Recently, a study by Akihiko Urayama et al. that was published in Molecular Psychiatry showed a significant reduction in brain Aβ burden and memory improvement in transgenic AD mice after exchanging whole blood from 5-week-old wild-type (Wt) mice [7]. In the first experiment, they performed a 300 μL blood exchange in 3-month-old Tg2576 mice and continued the treatment once a month until 13 months of age. After multiple treatments, 40–60% of the original blood was replaced by donor blood. They found that the Aβ plaque number and percentage area in the cerebral cortex and hippocampus were 50% to 75.9% lower in the blood exchange group than in the sham-operated and untreated transgenic mice. The Barnes’ maze test showed that both short- and long-term memory were improved to the level of Wt mice in Tg2576 mice after blood exchange treatments. Then, the researchers extended the treatment period for an additional 4 months and found that the Aβ plaque number and burden in 17-month-old AD mice subjected to blood exchange were similar to those in 13-month-old sham mice. These results indicate that this treatment could prevent brain Aβ deposition and persistently reduce the rates of Aβ plaque growth. To further investigate whether this treatment could reduce brain Aβ after extensive Aβ plaque formation in the brain, the researchers initiated the treatment at 13 months of age and evaluated the brain Aβ burden and spatial memory at 17 months of age. They found that the Tg2576 mice subjected to blood exchange showed a reduced Aβ burden in both the cerebral cortex and hippocampus compared to the sham controls. The spatial memory of the Tg2576 mice subjected to blood exchange was also improved to the level of Wt mice. Taken together, this study suggests that the peripheral circulation plays a crucial role in AD pathogenesis and that continuous whole blood exchange has both preventive and treatment potential for AD.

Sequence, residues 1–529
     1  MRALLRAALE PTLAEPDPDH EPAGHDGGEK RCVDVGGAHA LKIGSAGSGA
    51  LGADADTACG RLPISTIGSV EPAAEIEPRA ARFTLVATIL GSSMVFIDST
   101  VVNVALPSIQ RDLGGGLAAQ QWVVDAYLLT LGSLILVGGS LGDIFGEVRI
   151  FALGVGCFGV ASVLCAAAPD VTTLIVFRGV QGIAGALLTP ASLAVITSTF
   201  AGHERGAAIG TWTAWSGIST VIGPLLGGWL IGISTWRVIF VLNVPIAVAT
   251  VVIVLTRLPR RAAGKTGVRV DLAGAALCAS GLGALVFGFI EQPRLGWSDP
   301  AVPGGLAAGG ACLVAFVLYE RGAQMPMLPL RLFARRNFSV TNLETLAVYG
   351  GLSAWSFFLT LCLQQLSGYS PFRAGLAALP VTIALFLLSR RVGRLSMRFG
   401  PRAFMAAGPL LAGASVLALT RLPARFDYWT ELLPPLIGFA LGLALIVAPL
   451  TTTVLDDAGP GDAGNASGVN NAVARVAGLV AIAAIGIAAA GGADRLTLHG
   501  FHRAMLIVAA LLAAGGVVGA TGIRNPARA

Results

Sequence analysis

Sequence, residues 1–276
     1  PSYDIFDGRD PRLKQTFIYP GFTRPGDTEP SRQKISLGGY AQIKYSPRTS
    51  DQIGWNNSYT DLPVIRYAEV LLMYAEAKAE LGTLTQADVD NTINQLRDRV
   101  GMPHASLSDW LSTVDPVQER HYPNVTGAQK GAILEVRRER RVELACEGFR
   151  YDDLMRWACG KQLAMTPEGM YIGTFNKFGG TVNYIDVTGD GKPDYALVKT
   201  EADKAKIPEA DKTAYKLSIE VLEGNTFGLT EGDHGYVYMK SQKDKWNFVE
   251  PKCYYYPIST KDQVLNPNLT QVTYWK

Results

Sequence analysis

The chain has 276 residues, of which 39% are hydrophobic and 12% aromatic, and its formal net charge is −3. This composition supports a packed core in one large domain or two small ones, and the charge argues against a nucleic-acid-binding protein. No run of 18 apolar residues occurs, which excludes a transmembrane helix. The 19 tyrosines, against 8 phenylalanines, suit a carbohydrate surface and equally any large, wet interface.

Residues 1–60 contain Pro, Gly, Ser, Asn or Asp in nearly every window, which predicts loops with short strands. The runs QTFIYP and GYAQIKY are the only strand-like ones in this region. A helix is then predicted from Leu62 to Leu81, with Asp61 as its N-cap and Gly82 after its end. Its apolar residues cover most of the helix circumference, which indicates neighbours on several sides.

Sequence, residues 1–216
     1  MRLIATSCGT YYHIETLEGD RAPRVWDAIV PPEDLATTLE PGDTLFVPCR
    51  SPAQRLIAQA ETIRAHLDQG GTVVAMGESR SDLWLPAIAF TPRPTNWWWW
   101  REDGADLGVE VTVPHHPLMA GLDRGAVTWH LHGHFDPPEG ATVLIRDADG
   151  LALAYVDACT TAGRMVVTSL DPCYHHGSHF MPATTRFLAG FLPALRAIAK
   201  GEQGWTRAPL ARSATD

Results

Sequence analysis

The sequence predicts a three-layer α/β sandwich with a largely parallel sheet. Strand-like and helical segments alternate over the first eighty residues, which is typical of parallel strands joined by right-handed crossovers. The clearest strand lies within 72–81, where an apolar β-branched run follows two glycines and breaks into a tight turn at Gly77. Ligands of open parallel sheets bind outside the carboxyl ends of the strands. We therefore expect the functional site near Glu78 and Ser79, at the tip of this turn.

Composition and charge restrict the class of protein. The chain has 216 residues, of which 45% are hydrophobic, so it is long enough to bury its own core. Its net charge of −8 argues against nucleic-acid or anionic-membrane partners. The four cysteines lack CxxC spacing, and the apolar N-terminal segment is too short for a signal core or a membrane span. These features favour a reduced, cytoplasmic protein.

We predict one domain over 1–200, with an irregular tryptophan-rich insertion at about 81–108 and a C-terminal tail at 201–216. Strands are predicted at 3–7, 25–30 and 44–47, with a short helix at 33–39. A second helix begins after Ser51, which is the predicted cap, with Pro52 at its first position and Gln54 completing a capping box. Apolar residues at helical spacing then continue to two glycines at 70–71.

While these findings are encouraging for therapeutic benefit of blood exchange, there are some limitations to this study that could be addressed in future research. First, only the Barnes maze test was used to assess cognitive function in this study, so the cognitive evaluation was incomplete. Second, aged Tg2576 mice had severe cerebral amyloid angiopathy-dependent cerebrovascular dysfunction, which could confound the interpretation of blood exchange of Aβ between the circulation and the brain. Third, the Tg2576 model mice used in Urayama et al.’s study overexpressed human amyloid precursor protein (APP) containing Swedish mutation under the control of the hamster prion protein promoter. As nonneural tissues such as heart, intestine, circulating leukocytes, and other peripheral cells also express the prion protein gene promotor, APP will be expressed in peripheral tissues as well as in the brain in Tg2576 mice. Thus, the decreased brain Aβ burden in the Tg2576 mice subjected to blood exchange may result from the elimination of peripherally produced Aβ. Lastly, there was a lack of investigation of specific mechanisms of action associated with whole blood exchange beyond enhanced Aβ clearance mediated by young blood.